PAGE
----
Friday, August 29, 2008

From Texts to Narrative: a Review of Jewish Questions

(Just so there should be no undeclared conflict of interest, Matt Goldish is my advisor, my mentor and I also like to think of him as a personal friend.)

There are three parts to the study of history. There is the gathering of historical evidence, usually written texts, the analysis of the evidence and finally one hopes to be able to create a coherent narrative from this evidence. The most important part and the part that most historians primarily deal with is the second part, taking pieces of historical evidence, primarily written texts, and analyzing it to see what sort of conclusions it will lead to. One of the problems with trying to educate the public about history is that when most people think about history they think of it in terms of the third part, the creation of a narrative. Because they do not see what actually goes into the study of history, people tend to think that history is simply a bunch of people giving their own highly biased opinions about the past. Why, if this is the case, is there any need for the professional historian? Anyone could write history. People need to see not just the surface of history but the whole intellectual process that goes on below the surface that is heart and soul of history.

Matt Goldish has done an admirable job in this regard with his new book, Jewish Questions: Responsa on Sephardic Life in the Early Modern Period. While the book deals with a very specific subject, Sephardic (North African and Middle Eastern) Jewish life in the early modern period (1492-1750), this book would benefit anyone seeking to understand the historical method of reading texts and how it is used to create a broader story. This book is a collection of primary sources, in this particular case responsa, questions posed to various rabbis. (It should be noted that rabbis sometimes wrote their own questions as a set up for a given discussion.) As Dr. Goldish shows, these responsa contain stories behind them and these stories tell us things not only about the individuals who asked the question but also about Sephardic Jews as a whole. Through these responsa, we are introduced to merchants, moneylenders, soldiers, housewives, widows and conversos. Each responsa is prefaced by Dr. Goldish, who explains the significance of the text in question and how it sheds light on the larger narrative.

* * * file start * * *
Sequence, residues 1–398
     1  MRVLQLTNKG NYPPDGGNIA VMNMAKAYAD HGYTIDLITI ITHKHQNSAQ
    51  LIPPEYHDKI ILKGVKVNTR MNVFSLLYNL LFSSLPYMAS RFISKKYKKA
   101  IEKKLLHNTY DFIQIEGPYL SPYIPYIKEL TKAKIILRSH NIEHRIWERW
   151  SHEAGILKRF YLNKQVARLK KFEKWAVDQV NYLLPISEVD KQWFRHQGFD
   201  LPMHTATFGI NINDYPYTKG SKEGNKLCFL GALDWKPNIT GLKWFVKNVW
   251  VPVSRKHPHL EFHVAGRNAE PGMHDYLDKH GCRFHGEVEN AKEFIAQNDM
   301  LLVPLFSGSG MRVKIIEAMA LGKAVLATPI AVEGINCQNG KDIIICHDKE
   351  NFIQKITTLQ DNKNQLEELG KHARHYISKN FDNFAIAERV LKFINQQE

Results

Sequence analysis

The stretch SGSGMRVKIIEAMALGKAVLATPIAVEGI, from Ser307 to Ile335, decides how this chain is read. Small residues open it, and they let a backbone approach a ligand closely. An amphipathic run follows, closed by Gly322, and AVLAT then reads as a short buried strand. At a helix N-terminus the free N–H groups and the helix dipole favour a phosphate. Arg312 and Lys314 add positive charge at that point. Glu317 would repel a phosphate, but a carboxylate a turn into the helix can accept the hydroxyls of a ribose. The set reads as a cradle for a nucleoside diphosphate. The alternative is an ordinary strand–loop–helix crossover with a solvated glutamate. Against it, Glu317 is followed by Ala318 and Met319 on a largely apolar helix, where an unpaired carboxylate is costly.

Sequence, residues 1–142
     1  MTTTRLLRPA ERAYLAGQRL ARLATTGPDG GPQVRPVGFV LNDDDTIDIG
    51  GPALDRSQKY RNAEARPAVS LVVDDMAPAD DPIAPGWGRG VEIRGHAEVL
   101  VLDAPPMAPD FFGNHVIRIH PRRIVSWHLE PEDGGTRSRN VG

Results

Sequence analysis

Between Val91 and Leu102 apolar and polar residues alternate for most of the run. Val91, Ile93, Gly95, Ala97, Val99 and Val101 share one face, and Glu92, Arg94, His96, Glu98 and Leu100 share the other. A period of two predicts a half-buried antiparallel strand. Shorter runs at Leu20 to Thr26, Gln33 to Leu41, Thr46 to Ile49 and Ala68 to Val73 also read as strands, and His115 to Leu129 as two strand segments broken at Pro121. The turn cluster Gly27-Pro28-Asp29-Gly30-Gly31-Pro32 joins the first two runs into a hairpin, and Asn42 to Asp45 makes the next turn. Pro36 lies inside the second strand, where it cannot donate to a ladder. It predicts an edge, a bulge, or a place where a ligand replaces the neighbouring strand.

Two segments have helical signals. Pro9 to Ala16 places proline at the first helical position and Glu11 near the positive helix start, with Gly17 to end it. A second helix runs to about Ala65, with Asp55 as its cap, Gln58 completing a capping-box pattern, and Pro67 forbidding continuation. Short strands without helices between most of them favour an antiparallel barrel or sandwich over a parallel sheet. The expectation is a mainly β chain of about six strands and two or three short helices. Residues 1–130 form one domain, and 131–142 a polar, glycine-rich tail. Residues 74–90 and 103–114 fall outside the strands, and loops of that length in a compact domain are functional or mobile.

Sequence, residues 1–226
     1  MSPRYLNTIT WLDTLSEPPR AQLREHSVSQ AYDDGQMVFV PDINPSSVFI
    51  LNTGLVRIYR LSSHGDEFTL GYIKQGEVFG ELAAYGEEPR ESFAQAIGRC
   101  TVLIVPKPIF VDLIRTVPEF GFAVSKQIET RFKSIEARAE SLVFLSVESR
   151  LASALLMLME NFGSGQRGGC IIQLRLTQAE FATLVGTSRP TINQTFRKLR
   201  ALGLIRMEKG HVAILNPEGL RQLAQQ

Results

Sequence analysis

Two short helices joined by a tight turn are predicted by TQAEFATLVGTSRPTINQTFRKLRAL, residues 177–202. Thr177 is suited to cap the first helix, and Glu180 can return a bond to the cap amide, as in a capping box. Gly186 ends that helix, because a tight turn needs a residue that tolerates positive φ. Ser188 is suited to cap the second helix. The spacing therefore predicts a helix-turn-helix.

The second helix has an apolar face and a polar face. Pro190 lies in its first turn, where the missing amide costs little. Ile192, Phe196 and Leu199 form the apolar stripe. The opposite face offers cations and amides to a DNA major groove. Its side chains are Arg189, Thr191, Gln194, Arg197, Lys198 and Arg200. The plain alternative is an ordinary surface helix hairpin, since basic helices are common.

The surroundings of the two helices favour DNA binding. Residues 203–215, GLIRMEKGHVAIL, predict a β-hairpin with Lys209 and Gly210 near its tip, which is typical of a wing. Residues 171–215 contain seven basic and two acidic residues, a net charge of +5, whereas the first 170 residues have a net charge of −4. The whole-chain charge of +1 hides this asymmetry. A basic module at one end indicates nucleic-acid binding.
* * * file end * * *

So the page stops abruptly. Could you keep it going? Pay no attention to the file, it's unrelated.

At the beginning of the book Dr. Goldish offers an introduction where he talks about the use of responsa and gives the reader some general background information about the history of Jews in Spain up until the time they were expelled in 1492 and how this created the world revealed by the responsa he uses. Finally Dr. Goldish offers a series of brief bios of the rabbis to whom the responsa questions were written. While a good overview, I cannot say that I cared much for Dr. Goldish’s reference to the “superstitions of the populace” (pg. xxi) when talking about the attacks of 1391.

All in all this is a remarkable book that will be useful not just as a textbook for classes on early modern Sephardim but also for those who wish to understand what history is really all about. With this book, Dr. Goldish demonstrates that he is not only a highly gifted historian but also a master pedagogue, who has done a valuable service advancing the public understanding of history.

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